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In Season 3, Episode 10, "It's You," Todd (Aaron Paul) finds out that BoJack slept with his best friend Emily (Abbi Jacobson), leading to yet another important part of Todd's life that BoJack has ruined. BoJack, predictably, tells Todd that he's sorry, that he was drunk. In an uncharacteristic moment of anger and disappointment, a fed-up Todd snaps and tells BoJack, "You can't keep doing shitty things and then feeling bad about yourself like that makes it okay. You need to be better."

BoJack lives in a prison of self-loathing, one he often numbs with cocktails and pills. He believes that deep down, he is broken beyond repair due to generational trauma. As he tells Diane (Alison Brie), "I'm poison. I come from poison, I have poison inside me, and I destroy everything I touch. That's my legacy." But as Todd (and many others in BoJack's life) points out, feeling bad about your actions doesn't make everything okay. Feeling bad isn't enough, nor is it grounds for forgiveness.

The show goes one step further and teaches us that it's also okay to not forgive—especially if the person seeking forgiveness has become a toxic strain on your life, like BoJock's mother Beatrice (Wendie Malick) is for BoJack, or BoJack is to his former best friend Herb (Stanley Tucci). Herb says to BoJack in Season 1, Episode 8, "The Telescope," "I'm not gonna give you closure. You don't get that. You have to live with the shitty thing you did for the rest of your life. . . I'm not gonna be your prop so you can feel better!"

Herb's refusal to forgive BoJack reminds us that forgiveness is not owed. It is not a moral obligation. And sometimes, as Herb points out about BoJack, someone seeks forgiveness to make themselves feel better by providing a sense of closure. Again, BoJack relies on others to make him feel like he can be a good person, showing time and time again that he is thinking only of himself.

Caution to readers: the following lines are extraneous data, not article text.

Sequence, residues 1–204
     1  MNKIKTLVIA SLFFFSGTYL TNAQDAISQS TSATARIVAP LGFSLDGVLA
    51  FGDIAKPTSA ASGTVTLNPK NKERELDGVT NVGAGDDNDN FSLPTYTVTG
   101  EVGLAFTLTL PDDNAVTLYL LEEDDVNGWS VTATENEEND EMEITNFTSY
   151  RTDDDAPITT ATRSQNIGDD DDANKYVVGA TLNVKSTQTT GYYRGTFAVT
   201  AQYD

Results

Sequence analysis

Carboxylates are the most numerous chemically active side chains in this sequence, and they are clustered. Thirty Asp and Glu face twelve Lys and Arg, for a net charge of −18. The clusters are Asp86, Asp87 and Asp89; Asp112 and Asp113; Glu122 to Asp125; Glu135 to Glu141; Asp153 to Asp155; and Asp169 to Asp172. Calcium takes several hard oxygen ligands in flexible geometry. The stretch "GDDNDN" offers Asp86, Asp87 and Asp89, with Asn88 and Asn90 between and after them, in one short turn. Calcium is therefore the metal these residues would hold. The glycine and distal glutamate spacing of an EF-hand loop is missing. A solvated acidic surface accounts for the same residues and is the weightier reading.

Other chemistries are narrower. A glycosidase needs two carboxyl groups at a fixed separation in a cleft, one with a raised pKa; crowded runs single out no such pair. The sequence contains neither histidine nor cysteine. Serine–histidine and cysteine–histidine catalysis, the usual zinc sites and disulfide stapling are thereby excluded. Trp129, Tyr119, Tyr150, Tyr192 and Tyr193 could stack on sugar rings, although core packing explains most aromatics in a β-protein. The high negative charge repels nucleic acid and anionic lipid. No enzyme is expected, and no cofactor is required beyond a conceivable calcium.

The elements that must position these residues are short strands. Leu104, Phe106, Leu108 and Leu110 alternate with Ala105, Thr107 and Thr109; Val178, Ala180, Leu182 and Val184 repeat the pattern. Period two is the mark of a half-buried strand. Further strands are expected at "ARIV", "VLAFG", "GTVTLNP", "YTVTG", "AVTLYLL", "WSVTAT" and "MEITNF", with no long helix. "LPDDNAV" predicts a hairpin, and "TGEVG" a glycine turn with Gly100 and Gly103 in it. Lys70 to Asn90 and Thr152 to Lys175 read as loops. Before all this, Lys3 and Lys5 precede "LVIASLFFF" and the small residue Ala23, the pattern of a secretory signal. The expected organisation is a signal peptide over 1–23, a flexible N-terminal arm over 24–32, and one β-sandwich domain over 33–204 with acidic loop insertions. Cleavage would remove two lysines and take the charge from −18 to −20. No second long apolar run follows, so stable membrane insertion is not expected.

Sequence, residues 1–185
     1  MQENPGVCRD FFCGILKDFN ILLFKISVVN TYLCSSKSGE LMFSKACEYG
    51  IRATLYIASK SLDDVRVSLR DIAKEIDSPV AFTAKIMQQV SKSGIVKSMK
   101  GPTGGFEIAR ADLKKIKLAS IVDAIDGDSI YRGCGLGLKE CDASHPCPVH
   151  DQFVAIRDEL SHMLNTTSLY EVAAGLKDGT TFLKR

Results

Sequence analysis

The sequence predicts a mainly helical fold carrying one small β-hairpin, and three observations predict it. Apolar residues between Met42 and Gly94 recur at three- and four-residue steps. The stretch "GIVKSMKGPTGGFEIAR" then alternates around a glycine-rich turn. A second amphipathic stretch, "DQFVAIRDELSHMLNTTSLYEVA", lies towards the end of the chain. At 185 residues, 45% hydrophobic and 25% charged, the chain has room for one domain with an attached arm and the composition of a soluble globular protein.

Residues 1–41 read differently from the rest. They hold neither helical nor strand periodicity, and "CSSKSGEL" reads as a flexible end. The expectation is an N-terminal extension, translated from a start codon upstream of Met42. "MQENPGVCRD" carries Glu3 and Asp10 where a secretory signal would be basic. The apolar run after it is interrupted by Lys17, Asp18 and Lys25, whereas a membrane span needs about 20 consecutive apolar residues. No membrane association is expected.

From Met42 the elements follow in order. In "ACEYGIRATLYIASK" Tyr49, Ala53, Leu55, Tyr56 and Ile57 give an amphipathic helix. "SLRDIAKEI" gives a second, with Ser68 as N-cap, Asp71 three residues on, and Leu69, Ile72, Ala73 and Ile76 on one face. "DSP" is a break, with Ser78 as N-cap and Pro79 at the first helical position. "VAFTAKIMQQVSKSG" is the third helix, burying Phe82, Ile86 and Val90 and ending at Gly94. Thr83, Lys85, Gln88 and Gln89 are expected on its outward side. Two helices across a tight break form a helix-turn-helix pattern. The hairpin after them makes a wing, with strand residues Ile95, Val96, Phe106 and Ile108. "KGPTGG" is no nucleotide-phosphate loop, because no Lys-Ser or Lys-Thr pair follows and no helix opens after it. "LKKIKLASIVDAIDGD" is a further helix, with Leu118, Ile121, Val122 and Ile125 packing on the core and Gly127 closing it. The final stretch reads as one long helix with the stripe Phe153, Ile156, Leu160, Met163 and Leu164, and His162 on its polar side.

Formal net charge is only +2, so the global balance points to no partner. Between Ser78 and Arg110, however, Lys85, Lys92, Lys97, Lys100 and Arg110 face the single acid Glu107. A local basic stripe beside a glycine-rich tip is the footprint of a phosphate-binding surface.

BoJack needs to be better, and to be better, he has to stop looking at himself as a victim to his own actions—to take responsibility for them so that he can forgive himself and finally move forward to becoming the person he desperately wants other people to tell him he can be. In this sense, BoJack Horseman teaches us that forgiveness has to start with us forgiving ourselves.

The series finale of BoJack Horseman shows BoJack making true strides toward self-growth, but even with BoJack working his way toward a path of wellness (for himself and for others), the poignant conversation between Diane and BoJack in the last scene of the show shows that forgiveness isn't always enough to keep someone in your life. Diane has moved on from BoJack. He helped her become who she needed to be, and maybe she has even forgiven him, but her forgiveness doesn't go hand in hand with her friendship.

BoJack Horseman takes a realistic look into the fragility of the human experience and asks us to reconsider the nature of forgiveness. Forgiveness is merely a step—an important one—but it's just that: a step. It's not a solution, nor is it a vindication. Forgiveness isn't always a possibility, and even when it is, it doesn't always make things right—but that doesn't mean we shouldn't offer it. Most importantly, we first have to learn how to forgive ourselves.